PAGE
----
As the LGBTQ community endures higher rates of depression, anxiety, and sexual violence than heterosexual individuals, I sought Nikki’s perception on mental health. “Between cutting out bad habits and focusing on developing into the person I wanted to be, my life has really started to come together in a way that didn’t seem possible even 2 years ago. I consider myself to be very fortunate in many ways considering how many people in the LGBTQ community are affected by mental health problems. I have definitely struggled heavily with anxiety and depression in the last 10 years, but I’ve always been able to find the strength and support I needed. I’ve always had close friends to help me through rough times and who I’m eternally grateful for. A lot of people don’t get the support they need; especially those who identify as queer, have been harassed, kicked out by their families, and marginalized in society. We need a greater public understanding of mental health and how it adversely affects people in ways they can’t control.” When asked about the effect of co-op life on mental health, Nikki responded, “There’s definitely a certain therapeutic aspect of being able to see people you care about every day. It allows you to get second, third, and even fourth opinions on anything regularly. You have support working through problems, help others through theirs, and even vent your frustrations. I feel a strong affection for the sense of community between houses. As someone who has spent her whole life struggling to fit in, the sense of belonging that the co-ops inspire is a wonderful thing.” Nikki went on to stress the path for the SHC moving forward. “Our houses still have a tendency to be predominantly white spaces. This lack of balance is an issue that we will still have to address if we are to truly call ourselves a progressive and diverse community.”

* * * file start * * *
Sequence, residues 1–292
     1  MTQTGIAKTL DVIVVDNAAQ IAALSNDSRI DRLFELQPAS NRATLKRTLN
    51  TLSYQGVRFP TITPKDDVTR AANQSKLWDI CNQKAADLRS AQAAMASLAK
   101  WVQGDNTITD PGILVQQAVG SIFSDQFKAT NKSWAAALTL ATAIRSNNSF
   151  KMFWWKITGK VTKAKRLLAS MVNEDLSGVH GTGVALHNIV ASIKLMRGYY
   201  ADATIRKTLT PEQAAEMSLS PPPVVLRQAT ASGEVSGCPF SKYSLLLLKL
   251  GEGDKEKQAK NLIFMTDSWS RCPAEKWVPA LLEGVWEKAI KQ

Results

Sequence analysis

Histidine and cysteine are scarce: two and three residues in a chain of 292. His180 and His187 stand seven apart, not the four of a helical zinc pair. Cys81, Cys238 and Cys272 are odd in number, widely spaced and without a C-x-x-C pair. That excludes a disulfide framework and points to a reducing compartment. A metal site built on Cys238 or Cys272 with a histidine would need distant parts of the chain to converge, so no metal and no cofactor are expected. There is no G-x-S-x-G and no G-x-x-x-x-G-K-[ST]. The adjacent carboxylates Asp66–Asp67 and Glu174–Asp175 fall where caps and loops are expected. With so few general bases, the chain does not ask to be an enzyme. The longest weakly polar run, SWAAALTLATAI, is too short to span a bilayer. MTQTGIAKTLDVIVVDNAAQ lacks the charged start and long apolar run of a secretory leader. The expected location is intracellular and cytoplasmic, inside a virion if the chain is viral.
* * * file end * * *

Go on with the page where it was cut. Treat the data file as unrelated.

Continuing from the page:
Nikki currently works to ensure the SHC’s facilities crew is equipped to maintain SHC houses, directs communications between facilities staff and members, organizes city inspections, licensing, and contractor appointments, and manages the Capital Improvements Budget. Her biggest goals include standardizing certain responsibilities and procedures, improving living quality of SHC houses, and supplementing preventative maintenance knowledge among members. She plans on transferring to MSU to study Business Management and Computer Science.
Any successful and effective organization must possess an inherent ability to identify internal issues. Nikki’s assessment of the SHC represents a passion shared by countless members to grow and improve the organization. Though the SHC continues to reflect MSU’s roughly 65% white student population, this homogeneity in no way curbs the growth of a diverse, open minded, and passionately engaged culture. Our intense drive to better the world around us is evident through countless actions from the steps each house aggressively pursues to implement a culture of consent to our impressive political literacy and engagement. Furthermore, at a time when Michigan’s most recent Republican gubernatorial candidate vocally defended the state’s now unconstitutional gay marriage ban as Michigan’s attorney general, I find the SHC’s existence as an institution LGBTQ individuals can use seamlessly to network, build vital skills, and integrate into the greater Lansing area comforting. Though we often go unnoticed in the grand scheme of the region’s diverse communities, our unique culture has served the greater Lansing area for decades and continues growing.